The problem is that Bayley’s determination to oppose this naturalness – which is clearly a modern version of Schiller’s lament for the naive over the sentimental – to all forms of brow-clenching artificiality becomes a tiresome and repetitive attempt to tease seriousness for being so serious, rather as Auden’s poet in ‘In Praise of Limestone’ is praised for calling the sun the sun. As one progresses through this book, so the world of earnest ‘seriousness’ grows and grows, like some terrible and endless party: it includes silly old George Eliot, and almost all modern criticism, and Proust when he is being intellectual, and almost all modern American poetry, which, in comparison to the selfless Milosz, ‘tends to be about itself only’ and always ‘needs the prison of its own self-creation’. Tennyson, admired here for being ‘essentially and continuously naive’, is employed to punish all modern seriousness: ‘For simplicity is very much the clue, the kind of simplicity which is opposed to “seriousness” … “serious” is still a cliché word which any novelist asked about his intentions, or any critic on the radio, finds it necessary to come out with to indicate that what he is writing or what he is praising seems to him good.’ And Beckett is absurdly teased, by being paired with Wodehouse:

There is also a certain resemblance between Wodehouse and a modern master like Samuel Beckett. Both are, verbally speaking, performing fleas, but with Beckett you have the illusion that you are, as Plum might have put it, getting the goods on life. Jeeves and Wooster never pretended to give you that. There is no ‘human interest’ in either writer.

In order to read the journalistic Bayley with profit one has to throw away about half of it, as the auntie in Chekhov’s Ivanov keeps on giving away gooseberry jam because she has made too much. Thus, Bayley is saying something true about Larkinian romanticism, but how can he plausibly maintain that Larkin is not apparently interested in art? The Beckett who goes in for vaudevillian routines and stagey puns might, I suppose, be lightly likened to Wodehouse, but why does Beckett merely give us ‘the illusion’ that we are ‘getting the goods on life’, and how can Bayley argue, in the face of Krapp’s Last Tape or Endgame or Company, that there is no human interest in Beckett? And how can Austen’s work be said to escape from ideas and purposes?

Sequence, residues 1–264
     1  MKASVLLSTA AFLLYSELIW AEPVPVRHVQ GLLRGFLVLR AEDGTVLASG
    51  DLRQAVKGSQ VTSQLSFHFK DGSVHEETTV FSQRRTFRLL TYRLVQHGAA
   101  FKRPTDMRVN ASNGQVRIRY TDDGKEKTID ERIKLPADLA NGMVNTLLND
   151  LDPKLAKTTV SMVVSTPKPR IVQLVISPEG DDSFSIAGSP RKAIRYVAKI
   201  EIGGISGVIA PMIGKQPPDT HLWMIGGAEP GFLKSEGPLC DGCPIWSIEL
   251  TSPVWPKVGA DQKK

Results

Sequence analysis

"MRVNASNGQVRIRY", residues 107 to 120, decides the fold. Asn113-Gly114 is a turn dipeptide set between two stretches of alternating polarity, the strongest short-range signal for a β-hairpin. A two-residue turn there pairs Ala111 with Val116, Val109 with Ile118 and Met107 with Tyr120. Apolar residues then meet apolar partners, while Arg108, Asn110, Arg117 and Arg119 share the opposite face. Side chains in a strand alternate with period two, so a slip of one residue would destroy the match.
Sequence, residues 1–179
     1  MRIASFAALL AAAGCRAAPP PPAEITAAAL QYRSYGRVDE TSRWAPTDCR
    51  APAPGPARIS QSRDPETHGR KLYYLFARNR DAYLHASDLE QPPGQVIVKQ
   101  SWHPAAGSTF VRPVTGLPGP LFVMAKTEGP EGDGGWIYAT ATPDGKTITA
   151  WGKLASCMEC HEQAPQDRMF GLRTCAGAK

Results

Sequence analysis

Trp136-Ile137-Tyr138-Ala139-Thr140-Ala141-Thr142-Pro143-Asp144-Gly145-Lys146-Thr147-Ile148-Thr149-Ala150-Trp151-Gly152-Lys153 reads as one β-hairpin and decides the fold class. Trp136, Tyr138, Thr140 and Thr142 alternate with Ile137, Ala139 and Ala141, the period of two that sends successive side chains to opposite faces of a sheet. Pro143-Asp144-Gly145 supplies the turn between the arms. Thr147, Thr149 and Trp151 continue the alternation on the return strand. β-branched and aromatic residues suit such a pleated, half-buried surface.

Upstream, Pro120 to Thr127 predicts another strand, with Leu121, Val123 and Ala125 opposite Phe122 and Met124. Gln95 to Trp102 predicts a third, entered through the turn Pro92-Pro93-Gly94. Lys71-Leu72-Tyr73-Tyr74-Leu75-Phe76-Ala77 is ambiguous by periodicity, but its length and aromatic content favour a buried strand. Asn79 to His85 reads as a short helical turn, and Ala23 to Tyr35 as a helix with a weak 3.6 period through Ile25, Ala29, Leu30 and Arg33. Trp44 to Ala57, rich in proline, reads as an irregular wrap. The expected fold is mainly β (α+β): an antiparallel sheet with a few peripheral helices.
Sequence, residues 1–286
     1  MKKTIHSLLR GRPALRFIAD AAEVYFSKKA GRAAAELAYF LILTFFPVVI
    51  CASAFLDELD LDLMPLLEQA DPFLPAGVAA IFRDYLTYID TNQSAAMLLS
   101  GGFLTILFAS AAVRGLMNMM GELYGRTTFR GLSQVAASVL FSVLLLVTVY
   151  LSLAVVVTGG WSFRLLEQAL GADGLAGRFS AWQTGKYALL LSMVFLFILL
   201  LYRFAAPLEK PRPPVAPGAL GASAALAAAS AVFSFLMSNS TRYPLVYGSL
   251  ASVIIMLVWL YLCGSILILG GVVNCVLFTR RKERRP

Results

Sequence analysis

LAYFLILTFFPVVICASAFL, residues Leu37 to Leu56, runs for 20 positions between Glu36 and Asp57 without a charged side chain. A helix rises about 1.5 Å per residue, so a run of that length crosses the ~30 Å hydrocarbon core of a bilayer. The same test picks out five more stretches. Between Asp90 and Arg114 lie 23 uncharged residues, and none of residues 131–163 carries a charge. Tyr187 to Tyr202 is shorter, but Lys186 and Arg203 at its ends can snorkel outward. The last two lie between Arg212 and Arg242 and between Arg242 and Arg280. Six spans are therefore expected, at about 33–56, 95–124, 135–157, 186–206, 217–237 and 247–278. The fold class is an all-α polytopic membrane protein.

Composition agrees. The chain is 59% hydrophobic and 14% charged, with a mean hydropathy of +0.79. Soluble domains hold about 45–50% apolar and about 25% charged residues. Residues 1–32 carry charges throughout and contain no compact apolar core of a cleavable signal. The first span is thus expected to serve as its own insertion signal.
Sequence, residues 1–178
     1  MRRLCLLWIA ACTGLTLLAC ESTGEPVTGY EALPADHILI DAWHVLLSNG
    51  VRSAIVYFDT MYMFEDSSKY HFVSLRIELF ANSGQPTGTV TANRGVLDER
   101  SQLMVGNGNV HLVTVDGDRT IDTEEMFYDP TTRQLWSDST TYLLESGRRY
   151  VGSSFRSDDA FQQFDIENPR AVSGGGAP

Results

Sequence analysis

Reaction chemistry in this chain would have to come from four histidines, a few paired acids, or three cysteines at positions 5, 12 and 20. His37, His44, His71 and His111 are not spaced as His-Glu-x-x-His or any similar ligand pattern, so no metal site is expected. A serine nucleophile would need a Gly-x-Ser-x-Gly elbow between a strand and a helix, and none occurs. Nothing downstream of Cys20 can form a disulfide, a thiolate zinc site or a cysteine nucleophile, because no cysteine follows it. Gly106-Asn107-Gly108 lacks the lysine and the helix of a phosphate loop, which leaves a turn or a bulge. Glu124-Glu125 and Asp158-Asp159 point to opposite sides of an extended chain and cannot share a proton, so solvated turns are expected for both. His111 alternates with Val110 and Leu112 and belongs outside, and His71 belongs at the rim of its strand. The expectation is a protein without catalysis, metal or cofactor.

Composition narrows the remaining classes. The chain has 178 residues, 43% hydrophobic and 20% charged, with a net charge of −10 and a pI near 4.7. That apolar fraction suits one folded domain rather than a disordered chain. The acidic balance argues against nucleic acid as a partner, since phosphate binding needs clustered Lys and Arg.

In fact, Bayley writes in a kind of code, in which the things that he disapproves of have around them the frigid crimps of invisible – and sometimes visible – quotation marks. ‘Seriousness’ almost always receives its visible marks, as, in the Wodehouse discussion, ‘human interest’ does. Likewise, Bayley really means to write that Larkin is apparently uninterested not in art but in ‘art’, that Austen’s work escapes not from ideas and purposes but from ‘ideas and purposes’, and so on. He would like to do the same thing with ‘intention’: in Gogol’s story The Overcoat, so he tells us in Tolstoy and the Novel, we are always aware of ‘the dead hand of intention’. This code can have its comic side, as when Bayley writes about Angela Carter. He seems to be praising her work, but the seasoned Bayley-watcher will know that he is really semaphoring his deep disapproval. In his essay on Austen, Bayley commends her lightness: ‘The light is the best foil for the dark: boredom, misery and despair are revealed the more sharply and effectively through a surface of serenity, comedy and good humour. Doing it the other way around is far more difficult, as many powerful and sincere novelists have found to their cost.’ Powerful and sincere, you understand, are not good things to be.

Again, the key is Tolstoy (and Shakespeare). Power and sincerity may be concepts which most criticism and many hundreds of writers have venerated, yet as far as Bayley is concerned, Tolstoy’s easy epic power reveals how unnaturally most writers employ them: ‘powerful’ and ‘sincere’ work is likely to be willed – voulu – and therefore ‘intended’ and therefore ‘serious’ in a bad way, too programmatically full of its own ‘ideas and purposes’.